Good Medicine?

Standard

I think I have written about my old friend from the student house in the Netherlands. She is 29 years old and has a rare, aggressive metastatic (in English: has spread) cancer of the adrenals.

Unfortunately, chemotherapy has not worked against the cancer.

It would appear that she is now seeing a quack. She posted the motto of the treatment centre in the status part of facebook. I cut and pasted it into google, and found a “centre for advanced medicine” in North Carolina (she is from Kansas I think). She has moved into an apartment near the place.

The person in charge is actually a medical doctor, but has all these “fellowships” from colleges which look like medical colleges which are not actually medical colleges. He is into herbs and chelation and claims cures for things ranging from cancer to autism. He is anti-vaccination. He cures the incurable. He has been extensively investigated by the North Carolina medical board. His website celebrates the fat that he was acquitted.

I had a bit of a think on it.

This girl will in all likelihood die soon. She has probably sold her house. She puts a lot of hope into her treatments.

I hope that they are making her feel better, give her some solace. I do resent the fact that she has to bankrupt herself for treatment that will likely be ineffective in curing her disease. She has a husband and a 2 year old, they will find it tough financially.

However, I realise that, in the US, conventional medical treatment also bankrupts people.

It all takes advantage of people who are suffering, in the name of a profit. I am aggressively in favour of universal medical care.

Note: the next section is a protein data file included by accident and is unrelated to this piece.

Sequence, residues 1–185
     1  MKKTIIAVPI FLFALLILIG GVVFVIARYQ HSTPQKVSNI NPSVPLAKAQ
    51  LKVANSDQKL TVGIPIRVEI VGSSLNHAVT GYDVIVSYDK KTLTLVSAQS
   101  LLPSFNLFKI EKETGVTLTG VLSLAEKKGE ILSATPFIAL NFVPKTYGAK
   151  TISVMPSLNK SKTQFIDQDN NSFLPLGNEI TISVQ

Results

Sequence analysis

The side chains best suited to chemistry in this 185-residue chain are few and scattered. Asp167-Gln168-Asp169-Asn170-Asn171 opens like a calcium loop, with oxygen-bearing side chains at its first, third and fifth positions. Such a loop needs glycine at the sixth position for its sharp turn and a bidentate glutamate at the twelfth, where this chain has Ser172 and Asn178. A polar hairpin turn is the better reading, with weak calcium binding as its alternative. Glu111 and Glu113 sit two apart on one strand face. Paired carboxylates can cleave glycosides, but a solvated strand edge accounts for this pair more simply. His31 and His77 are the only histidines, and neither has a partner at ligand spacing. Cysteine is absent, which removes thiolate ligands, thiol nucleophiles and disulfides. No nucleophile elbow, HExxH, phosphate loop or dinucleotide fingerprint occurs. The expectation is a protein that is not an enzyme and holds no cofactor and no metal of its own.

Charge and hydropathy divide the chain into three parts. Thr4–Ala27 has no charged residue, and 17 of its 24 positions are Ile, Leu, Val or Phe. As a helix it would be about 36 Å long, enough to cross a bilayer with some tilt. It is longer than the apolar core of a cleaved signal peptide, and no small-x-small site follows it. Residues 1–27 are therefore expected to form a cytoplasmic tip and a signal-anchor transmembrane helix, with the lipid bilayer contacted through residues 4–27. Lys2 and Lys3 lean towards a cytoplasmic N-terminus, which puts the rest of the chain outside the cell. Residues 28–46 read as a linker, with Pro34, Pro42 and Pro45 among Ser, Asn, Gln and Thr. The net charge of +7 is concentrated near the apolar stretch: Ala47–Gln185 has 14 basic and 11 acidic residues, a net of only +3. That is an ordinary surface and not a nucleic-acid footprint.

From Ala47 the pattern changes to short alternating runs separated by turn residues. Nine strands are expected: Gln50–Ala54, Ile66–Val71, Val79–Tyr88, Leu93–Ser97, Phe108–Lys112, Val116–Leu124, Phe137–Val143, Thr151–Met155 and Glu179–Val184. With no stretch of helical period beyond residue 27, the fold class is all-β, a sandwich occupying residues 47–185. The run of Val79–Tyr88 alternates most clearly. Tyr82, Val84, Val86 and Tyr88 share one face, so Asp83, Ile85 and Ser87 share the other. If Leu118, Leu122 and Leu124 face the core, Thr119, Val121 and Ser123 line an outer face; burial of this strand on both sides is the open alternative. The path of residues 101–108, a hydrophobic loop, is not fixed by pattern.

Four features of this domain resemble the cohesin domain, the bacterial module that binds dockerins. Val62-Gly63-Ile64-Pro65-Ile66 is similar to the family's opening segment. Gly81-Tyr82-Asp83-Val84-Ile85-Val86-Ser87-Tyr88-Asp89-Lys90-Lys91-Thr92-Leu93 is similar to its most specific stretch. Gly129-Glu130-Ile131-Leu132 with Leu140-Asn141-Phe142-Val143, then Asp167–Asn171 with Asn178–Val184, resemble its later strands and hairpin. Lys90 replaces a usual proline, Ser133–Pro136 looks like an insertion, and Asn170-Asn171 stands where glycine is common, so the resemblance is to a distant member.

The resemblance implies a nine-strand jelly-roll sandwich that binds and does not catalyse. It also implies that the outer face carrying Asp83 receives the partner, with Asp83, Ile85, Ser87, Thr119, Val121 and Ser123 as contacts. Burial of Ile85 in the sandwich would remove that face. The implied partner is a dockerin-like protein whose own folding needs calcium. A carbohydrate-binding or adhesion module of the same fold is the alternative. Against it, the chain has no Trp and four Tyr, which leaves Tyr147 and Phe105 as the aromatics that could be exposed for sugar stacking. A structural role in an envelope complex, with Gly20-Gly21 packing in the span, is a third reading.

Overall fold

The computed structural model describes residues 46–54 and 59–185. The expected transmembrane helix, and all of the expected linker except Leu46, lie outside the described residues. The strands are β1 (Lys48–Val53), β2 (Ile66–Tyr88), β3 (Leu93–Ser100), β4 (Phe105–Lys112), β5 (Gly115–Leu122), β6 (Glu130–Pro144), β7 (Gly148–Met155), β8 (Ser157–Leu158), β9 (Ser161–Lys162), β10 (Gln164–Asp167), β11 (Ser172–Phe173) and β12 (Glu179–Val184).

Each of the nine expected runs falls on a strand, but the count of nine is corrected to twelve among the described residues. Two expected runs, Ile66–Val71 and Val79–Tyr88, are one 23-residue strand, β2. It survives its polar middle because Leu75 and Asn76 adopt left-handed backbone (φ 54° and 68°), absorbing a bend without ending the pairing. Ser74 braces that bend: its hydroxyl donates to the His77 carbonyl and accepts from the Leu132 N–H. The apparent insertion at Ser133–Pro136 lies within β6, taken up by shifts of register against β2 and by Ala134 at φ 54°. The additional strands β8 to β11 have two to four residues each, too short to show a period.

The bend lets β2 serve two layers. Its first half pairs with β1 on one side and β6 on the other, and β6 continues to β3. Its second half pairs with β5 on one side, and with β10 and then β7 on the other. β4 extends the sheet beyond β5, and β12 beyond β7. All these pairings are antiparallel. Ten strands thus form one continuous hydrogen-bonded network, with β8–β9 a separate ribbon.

Complementary medicine has its place – indeed many medicines are based on plant chemicals. I have seen a Naturopath (out of sheer morbid curiosity) and what she said was medically quite feasible, though mostly good common sense.

The practitioners masquerade as scientists, though most of the time a year 12 biology student could poke large holes in the science.

Some of it is a little predatory, too. Curing the incurable for $$$$$.

What does everyone think.

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4 responses »

  1. That is very sad!

    I think we are so lucky to live in Australia. Whilst there is no doubt our governments could do a better job funding our health care system, we are just so much better off than a very high percentage of the world.

    I think when someone is as sick as your friend, any thing that she thinks is helping, or has faith in must help her at least mentally, but I too think that it is a shame she has to bankrupt herself to have access to it.

    When we found out Adrienne had breast cancer we obviously sought conventional medical treatments, and were very lucky these were successful, but I have to own up to doing a fair bit of personal research and reading on alternative treatments too. Fortunately didn’t need them, but would have tried them if we did.

  2. I was just reading an American friends’ new book in which she describes having to spend thousands of dollars on a MRI. I had an MRI last year and didn’t have to pay a penny and the wait wasn’t that long either. I know the NHS has its flaws and limitations but like Andrew said re the Australian system, it’s a helluva lot better than most places.

    Re the complimetary stuff, I am sure if I was in her situation facing death I’d probably be trying everything. But the dodgy unqualified quacks praying on people’s desperation, that is just plain wrong.

  3. I feel very sorry for her and her family. But I think I would probably do the same or top myself – one or the other. It means she still has hope and hasn’t given up yet. Some comfort for her and her family and maybe prolong her life – once some feel they have no hope, they die very quickly. So very sad.

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